This day is the birthday of Seokgamoni, and is also called “Buddha’s Birthday” or “the day Buddha came.” Although Buddha’s birthday is originally an event for Buddhists, its ceremonies have become embedded in mainstream Korean customs.
The most typical custom of this day is the merrymaking at the lantern festival. Many people also call this day the Lantern Festival Day. Before the arrival of Choopa-il (the 8th day of the 4th lunar month) households and temples prepare various lanterns. In the case of households, lanterns are made according to the number of people in the family. During the evening of Choopa-il, these lanterns are lit. In addition people attach fireworks on the strings of these lanterns to add extra fun. Fireworks are also attached onto scarecrows on strings, so that they shake from the wind.
Jjintteok are bubble-shaped rice cakes that are steamed in alcohol after being kneaded with glutinous rice powder. Honey or sugar is mixed with red bean paste and put in to the bubble. A jujube is added for extra taste and decoration.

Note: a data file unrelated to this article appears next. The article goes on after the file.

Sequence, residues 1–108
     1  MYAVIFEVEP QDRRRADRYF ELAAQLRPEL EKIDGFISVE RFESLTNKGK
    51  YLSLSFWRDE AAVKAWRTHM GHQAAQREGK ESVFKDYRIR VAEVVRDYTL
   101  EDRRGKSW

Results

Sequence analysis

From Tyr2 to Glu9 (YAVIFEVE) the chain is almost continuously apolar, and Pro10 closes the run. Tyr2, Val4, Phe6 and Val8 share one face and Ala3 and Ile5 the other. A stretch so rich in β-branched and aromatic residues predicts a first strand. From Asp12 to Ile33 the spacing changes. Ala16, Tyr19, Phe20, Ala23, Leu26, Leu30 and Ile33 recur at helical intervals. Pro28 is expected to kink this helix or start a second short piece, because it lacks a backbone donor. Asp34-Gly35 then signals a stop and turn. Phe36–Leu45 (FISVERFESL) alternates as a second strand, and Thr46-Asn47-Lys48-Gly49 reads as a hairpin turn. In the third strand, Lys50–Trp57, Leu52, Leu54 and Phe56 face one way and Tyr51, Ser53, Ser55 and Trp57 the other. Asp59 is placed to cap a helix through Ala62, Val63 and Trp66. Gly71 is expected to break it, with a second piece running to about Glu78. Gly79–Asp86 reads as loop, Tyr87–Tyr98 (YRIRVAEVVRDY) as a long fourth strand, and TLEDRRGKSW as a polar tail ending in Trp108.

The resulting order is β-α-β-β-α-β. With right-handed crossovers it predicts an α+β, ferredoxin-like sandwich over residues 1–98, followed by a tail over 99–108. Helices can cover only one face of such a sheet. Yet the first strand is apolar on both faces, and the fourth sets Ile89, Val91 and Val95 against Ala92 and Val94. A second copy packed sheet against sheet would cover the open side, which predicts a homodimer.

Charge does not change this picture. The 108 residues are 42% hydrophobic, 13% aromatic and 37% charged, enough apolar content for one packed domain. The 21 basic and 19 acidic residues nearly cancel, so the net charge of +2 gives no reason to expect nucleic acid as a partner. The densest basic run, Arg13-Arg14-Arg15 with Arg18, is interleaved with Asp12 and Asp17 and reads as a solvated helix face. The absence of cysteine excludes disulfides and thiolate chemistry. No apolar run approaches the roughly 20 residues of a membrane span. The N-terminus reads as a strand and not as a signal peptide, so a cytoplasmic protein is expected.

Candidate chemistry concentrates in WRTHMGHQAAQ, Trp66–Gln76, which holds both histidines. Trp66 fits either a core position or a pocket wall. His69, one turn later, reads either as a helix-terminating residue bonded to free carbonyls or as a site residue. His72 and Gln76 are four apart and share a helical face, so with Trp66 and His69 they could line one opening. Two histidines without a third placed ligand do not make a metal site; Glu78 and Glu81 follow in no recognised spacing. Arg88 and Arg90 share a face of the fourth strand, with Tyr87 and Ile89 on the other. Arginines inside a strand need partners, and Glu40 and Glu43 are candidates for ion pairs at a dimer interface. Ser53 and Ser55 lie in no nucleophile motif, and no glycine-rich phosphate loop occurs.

Hwajeon are round rice cakes that are kneaded with glutinous rice powder and fried with azalea flowers attached on top.
Eochae is a dish that is mixed with fish, leaf from a Rose of Sharon, green onions, manna lichen, abalone, and eggs all sliced lightly. This dish is often eaten with thick red pepper soy paste or sesame oil.
Eomandu is a dish where fish are emptied and then refilled with meat then boiled.
Japanese parsley is cooked and with pepper, garlic, and onion then mixed into raw fish. Once this is dipped in red paste, minariganghoe is ready.